Tag Archives: section 220

Confidentiality Agreement Not Always Required for Section 220 Demands

The Delaware Supreme Court recently announced a decision of great importance for stockholder demands under Section 220 of the Delaware General Corporation Law. In Tiger v. Boast Apparel, Inc., No. 23, 2019 (Del. Supr. Aug. 7, 2019), the Delaware Supreme Court ruled that: (i) although inspection of records demanded by stockholders pursuant to Section 220 … Continue Reading

Chancery Clarifies Section 220 Principles

A recent Delaware Court of Chancery opinion clarified a few key Section 220 prerequisites that are not otherwise explicit in the statute. The decision styled In re Facebook, Inc., Section 220 Litigation, Cons. C.A. No. 2018-0661-JRS (Del. Ch. rev. May 31, 2019), is notable for the following refinements of well-worn Section 220 requirements for a … Continue Reading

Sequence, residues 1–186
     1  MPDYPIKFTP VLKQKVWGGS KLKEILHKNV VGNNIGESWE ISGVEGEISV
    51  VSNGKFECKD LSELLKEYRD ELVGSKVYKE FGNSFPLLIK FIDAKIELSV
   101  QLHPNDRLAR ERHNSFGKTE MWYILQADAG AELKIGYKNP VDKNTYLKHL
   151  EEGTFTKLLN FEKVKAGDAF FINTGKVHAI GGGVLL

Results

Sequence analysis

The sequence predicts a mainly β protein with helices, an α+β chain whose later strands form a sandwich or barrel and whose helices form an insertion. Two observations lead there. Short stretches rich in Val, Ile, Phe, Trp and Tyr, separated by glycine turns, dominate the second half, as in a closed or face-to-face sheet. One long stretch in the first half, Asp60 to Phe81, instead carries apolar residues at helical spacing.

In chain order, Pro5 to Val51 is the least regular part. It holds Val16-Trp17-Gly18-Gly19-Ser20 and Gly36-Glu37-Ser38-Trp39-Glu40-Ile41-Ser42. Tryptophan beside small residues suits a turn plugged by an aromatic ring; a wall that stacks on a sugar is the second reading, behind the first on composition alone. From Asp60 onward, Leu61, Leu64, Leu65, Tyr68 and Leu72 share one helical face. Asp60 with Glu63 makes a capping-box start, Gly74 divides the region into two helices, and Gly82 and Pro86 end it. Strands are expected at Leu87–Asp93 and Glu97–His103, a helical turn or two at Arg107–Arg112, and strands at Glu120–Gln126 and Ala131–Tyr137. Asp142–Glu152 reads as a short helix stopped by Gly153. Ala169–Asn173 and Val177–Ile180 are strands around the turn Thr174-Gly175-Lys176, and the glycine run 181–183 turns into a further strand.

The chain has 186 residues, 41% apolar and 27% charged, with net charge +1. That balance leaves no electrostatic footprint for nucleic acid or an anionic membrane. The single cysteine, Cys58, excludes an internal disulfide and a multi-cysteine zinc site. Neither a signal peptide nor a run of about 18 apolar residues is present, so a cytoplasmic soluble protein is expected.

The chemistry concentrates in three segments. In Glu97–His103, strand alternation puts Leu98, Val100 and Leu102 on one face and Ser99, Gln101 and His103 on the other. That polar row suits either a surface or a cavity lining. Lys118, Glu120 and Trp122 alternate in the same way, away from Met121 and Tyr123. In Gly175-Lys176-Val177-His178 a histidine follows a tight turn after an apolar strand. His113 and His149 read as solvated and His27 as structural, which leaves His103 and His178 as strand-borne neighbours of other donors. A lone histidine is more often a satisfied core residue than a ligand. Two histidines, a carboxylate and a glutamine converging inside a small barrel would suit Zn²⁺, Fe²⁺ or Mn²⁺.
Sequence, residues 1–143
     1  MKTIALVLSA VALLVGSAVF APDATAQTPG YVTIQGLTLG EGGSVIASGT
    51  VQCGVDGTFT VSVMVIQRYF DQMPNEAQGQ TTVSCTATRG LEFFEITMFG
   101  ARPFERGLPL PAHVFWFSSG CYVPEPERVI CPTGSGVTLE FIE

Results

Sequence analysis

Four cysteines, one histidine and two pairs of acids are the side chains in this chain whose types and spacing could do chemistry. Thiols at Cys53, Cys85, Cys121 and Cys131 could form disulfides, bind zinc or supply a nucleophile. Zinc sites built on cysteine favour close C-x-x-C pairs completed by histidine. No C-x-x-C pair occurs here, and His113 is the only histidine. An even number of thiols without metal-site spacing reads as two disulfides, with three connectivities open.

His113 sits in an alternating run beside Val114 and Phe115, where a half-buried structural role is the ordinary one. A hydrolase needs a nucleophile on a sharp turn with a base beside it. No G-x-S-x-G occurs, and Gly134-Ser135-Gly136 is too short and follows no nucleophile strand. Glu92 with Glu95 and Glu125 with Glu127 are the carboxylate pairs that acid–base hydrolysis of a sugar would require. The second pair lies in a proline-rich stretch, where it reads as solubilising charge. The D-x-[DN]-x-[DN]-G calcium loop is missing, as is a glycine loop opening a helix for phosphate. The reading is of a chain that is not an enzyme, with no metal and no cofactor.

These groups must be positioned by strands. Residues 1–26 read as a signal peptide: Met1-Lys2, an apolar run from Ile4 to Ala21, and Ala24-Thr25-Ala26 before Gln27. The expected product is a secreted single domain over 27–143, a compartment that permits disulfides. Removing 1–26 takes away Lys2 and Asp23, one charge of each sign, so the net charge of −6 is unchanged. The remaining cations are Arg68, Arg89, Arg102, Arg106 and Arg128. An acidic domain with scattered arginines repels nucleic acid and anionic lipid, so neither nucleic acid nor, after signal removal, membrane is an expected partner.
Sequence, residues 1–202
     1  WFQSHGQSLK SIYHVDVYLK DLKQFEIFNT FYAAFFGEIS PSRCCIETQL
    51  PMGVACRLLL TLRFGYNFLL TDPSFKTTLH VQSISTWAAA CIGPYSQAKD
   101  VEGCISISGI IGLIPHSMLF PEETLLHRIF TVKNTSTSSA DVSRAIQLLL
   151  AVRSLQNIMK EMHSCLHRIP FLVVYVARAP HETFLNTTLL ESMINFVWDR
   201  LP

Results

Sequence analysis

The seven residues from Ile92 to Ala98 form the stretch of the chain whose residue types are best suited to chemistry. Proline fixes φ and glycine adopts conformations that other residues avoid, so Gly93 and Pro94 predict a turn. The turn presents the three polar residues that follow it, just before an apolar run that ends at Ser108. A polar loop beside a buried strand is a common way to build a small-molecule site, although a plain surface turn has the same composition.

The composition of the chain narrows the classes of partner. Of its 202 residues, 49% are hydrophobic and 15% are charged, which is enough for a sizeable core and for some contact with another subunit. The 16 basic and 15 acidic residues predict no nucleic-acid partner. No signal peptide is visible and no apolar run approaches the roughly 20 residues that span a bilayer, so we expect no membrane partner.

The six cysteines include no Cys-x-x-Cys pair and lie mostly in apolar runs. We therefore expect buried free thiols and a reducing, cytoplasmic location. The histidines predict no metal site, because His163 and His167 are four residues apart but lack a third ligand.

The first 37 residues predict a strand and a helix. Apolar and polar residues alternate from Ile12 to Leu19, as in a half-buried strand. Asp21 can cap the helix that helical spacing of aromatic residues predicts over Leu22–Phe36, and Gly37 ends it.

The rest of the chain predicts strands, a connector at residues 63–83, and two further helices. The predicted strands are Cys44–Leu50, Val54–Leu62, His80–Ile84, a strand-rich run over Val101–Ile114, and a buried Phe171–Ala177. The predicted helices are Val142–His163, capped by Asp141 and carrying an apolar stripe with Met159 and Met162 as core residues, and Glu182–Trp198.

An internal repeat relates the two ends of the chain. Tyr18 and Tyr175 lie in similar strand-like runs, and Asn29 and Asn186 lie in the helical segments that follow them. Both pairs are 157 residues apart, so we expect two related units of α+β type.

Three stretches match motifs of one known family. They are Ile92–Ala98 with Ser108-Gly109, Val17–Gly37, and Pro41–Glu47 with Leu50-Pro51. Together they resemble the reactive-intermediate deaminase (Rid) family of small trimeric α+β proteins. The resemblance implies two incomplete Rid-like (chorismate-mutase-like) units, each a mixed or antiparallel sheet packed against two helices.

Chancery Denies Section 220 Demand for Corporate Books and Records

A recent post-trial decision from the Delaware Court of Chancery denied a claim for corporate books and records based on DGCL § 220 after finding that there was no credible basis for wrongdoing to support the stated investigative purpose for the demand. Hoeller v. Tempur Sealy International, Inc., C.A. No. 2018-0336-JRS (Del. Ch. Feb. 12, … Continue Reading

Company Required to Produce Emails Among Management to Stockholders

The Delaware Supreme Court recently issued an opinion that clarifies the duty of a company to produce emails among its management in a Section 220 case. In KT4 Partners LLC v. Palantir Technologies, Inc., Del. Supr., No. 281, 2018 (Jan. 29, 2019), Delaware’s High Court addressed a demand under Delaware General Corporation Law (DGCL) Section … Continue Reading

Chancery Rejects Claims for Books and Records Per Section 220, For Lack of Proper Purpose

Beiser v. PMC-Sierra, Inc., (Del. Ch., Feb. 26, 2009), read opinion here. This Chancery Court opinion rejected a claim under DGCL Section 220 for books and records of a corporation based on the court’s finding that the "proper purpose" for such a demand was not satisfied. The reasoning was that this suit was an attempt … Continue Reading
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